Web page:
Guest post by Maren Williams.
You may have heard the term “web analytics” quite a lot in recent years. In fact, whole teams are now dedicated to the understanding and execution of analytics. But exactly what are website analytics and how will understanding them help your website—and your business?
We dive into the terminology and application of analytics below, so you can better harness the power of data to help your brand succeed.
What does “web analytics” mean?
In the most straightforward of terms, “web analytics” is the process of understanding website user behavior, then leveraging those insights to improve the website experience.
This consists of data derived from your website in real time, which shows you exactly how your customers are navigating and interacting with your website in graphs and charts. These are “metrics,” and they can be used to measure against your business goals (we’ll talk about that later in the post).
There are a number of websites that provide analytics, as well as business tools, but the end goal is the same: analytics provide insights about your customers, which in turn, will help you improve your brand objectives as a whole.
It’s important though when talking about website analytics to let the data speak for itself. While there are some metrics that could look as if they’re important (social media impressions, for example), the true metric could be less exciting, but more valuable (e.g., social media engagement).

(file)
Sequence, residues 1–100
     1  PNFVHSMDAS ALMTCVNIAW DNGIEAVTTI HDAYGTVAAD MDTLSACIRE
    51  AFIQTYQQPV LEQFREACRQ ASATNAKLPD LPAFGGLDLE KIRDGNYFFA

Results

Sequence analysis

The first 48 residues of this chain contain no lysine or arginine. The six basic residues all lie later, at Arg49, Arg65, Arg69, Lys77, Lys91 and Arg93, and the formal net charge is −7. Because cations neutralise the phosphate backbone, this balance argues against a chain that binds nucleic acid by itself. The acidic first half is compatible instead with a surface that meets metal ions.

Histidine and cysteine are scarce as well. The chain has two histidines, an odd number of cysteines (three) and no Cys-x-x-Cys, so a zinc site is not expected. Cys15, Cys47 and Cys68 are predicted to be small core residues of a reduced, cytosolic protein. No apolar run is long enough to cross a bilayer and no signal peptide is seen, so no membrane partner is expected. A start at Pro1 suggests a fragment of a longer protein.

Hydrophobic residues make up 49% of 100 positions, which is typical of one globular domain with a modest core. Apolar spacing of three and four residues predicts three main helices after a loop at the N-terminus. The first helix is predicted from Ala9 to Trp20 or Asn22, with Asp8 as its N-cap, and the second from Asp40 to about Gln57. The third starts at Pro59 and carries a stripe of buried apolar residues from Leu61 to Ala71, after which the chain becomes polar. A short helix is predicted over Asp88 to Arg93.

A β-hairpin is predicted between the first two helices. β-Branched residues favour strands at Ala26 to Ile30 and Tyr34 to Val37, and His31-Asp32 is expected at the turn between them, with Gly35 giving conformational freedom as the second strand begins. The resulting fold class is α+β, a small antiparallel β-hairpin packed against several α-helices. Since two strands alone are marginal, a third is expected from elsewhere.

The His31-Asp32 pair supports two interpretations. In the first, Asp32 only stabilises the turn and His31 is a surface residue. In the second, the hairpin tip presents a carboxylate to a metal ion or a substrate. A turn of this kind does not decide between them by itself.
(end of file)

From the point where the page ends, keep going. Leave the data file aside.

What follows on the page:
How do you use the data effectively?
Even though there is a wealth of data to choose from, too much data and not enough application are common pitfalls for brands just starting out in analytics. Knowing which data points are important, and for which outcome, can be worth their weight in gold.
For website analysts, there are a number of “Key Performance Indicators” (KPIs), which are most relied on as you collect specific insights. The KPIs you choose should most accurately show whether or not a business is progressing toward its goal.
According to Shopify, KPIs are just as important to brands as strategy and goal setting. Without KPIs, it’s difficult to gauge progress over time, and brands should be wary of making decisions based on gut instinct, personal preference, or belief.
Here are some of the most important KPIs to know when tracking analytics for your website.
- Leads and/or Sales: The number of products you sell or new clients you sign from your website
- Organic Traffic: Traffic from unpaid/organic search
- Keyword Rankings: Your SEO performance
- Backlinks/Referring Domains: Websites other than your own that link back to yours, improving your SEO ranking
- Bounce Rate: The number of website visitors who land on your website and then leave without taking any action
- Pages Per Session: The number of web pages clicked while a user visits your website
- Average Page Load Time: The time it takes for your web pages to load
- Click-through Rate (CTR): The percentage of clicks to impressions your website has in Google Search. For 100 impressions and 10 clicks, your CTR is 10%
So, now that you know some of the most important KPIs, add your own custom KPIs for your specific business goals to this list. But don’t fall into that trap of choosing “vanity metrics,” or those metrics that seem weighty, but in reality don’t make much impact on your brand.